Vatican: In rare cases, lay faithful can lead marriage rite

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Pope Francis

Pope Francis speaks during the Angelus prayer from his studio window overlooking St. Peter’s Square at the Vatican, Sunday, July 5, 2020. Pope Francis is assuring his closeness to all those grappling with COVID-19 and its “economic and social consequences.” Speaking on Sunday from his studio window overlooking St. Peter’s Square, Francis remarked that, currently, “the pandemic is showing no sign of stopping.”(AP Photo/Riccardo De Luca)

VATICAN CITY (AP) — The Vatican said on Monday that in very exceptional circumstances and with special permission, lay Catholics can be allowed to perform marriage rites.

In a document issued by the Holy See office for clergy, the Vatican said that could only happen if there are no priests or deacons available, the nation’s bishops sign off on the exception and the Holy See OKs it too.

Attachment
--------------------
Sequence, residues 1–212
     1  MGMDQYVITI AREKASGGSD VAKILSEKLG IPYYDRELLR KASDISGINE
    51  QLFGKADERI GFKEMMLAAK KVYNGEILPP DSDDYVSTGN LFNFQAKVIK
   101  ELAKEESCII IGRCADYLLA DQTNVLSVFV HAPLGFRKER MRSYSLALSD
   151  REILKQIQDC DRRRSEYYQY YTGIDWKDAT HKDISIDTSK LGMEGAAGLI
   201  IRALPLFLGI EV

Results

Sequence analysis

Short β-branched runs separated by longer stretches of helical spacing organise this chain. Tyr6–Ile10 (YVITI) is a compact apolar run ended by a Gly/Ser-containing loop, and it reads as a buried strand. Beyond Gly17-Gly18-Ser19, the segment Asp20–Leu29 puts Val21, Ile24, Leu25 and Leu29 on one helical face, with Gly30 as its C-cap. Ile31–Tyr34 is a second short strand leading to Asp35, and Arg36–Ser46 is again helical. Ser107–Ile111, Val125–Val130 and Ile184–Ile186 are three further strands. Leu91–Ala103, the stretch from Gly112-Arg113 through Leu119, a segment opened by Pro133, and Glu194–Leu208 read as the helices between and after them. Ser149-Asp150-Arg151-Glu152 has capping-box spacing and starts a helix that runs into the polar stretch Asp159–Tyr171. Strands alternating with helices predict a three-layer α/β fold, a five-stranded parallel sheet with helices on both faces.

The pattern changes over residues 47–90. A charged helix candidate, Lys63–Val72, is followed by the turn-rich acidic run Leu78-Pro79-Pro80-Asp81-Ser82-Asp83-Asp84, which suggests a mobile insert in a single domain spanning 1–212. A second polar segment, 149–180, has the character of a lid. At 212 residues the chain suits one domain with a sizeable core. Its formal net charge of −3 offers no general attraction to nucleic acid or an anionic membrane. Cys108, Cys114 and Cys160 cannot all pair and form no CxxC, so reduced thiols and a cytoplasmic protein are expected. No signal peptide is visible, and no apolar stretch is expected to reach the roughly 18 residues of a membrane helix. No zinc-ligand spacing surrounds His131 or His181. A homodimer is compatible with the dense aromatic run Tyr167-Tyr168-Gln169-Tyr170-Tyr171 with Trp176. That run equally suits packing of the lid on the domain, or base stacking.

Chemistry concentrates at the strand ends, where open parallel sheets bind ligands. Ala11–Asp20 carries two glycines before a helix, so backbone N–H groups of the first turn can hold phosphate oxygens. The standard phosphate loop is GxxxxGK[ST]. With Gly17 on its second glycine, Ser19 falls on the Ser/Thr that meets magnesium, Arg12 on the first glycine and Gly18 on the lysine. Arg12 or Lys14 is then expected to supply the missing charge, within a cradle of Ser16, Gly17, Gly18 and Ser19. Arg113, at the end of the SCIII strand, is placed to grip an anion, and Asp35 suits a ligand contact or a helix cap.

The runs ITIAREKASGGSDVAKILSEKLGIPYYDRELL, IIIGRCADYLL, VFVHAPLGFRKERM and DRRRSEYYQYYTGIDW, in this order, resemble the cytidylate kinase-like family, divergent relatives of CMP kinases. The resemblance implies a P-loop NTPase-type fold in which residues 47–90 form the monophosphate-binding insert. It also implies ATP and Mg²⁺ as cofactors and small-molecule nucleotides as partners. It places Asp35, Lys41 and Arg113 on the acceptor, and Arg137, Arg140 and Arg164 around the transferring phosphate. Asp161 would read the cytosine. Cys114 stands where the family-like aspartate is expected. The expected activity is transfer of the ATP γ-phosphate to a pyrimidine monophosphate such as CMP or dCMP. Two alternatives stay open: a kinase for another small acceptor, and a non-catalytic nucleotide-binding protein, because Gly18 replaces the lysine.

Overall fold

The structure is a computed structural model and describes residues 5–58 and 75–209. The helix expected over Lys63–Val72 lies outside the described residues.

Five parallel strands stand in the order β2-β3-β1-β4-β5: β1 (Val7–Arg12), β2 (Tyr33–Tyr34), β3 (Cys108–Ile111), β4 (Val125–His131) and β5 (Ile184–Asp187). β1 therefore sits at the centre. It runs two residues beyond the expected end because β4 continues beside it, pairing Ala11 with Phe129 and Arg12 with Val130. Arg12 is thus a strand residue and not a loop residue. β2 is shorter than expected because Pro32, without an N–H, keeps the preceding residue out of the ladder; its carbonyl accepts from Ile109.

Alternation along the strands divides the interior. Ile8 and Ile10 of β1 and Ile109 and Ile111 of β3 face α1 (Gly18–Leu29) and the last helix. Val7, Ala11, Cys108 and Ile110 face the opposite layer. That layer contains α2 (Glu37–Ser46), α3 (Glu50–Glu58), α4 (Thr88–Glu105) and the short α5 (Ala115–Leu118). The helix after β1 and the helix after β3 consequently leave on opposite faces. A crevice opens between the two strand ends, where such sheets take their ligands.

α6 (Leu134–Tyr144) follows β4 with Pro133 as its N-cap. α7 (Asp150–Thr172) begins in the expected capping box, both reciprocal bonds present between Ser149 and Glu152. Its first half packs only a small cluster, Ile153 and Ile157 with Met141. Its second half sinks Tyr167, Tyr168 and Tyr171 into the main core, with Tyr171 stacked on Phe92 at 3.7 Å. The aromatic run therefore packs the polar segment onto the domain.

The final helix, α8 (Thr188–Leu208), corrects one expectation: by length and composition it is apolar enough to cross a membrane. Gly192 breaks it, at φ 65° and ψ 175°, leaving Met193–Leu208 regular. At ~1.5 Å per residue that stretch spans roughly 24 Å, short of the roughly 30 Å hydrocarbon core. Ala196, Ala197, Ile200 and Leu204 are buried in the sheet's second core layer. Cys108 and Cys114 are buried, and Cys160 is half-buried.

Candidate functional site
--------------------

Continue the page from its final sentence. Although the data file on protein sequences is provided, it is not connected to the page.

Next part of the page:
The same document stresses that lay faithful can preach at liturgy services, but never can give homilies at Masses.

The Vatican document said that the local bishop, using his “prudent judgment,” may entrust to lay faithful in “exceptional circumstances” such duties including celebrating funeral rites, administering baptism, assisting at marriages — with the Holy See’s permission — and preaching in a church in case of need.

It noted that “where there is a lack of priests and deacons, the diocesan bishop can delegate lay persons to assist at marriages” after the nation’s bishops conference signs off on the decision and the Vatican gives its permission, too.

“Under no circumstances, however, may lay people give the homily during the celebration of the Eucharist,” said the Congregation for the Clergy.

The document is aimed at encouraging parishes to be more dynamic in carrying out the church’s evangelizing mission and less focused on themselves, as desired by Pope Francis.

It also offered advice on the often sensitive situation where faithful give money to the local church or priest. In some places, including after a funeral or marriage, or when Mass is said in memory of a deceased parishioner, faithful offer money.

The Congregation for the Clergy recommended: “one might think of receiving offerings in an anonymous way, so that everyone feels free to donate what they can, or what they think is just, without feeling an obligation to respond to an expectation or a price.”

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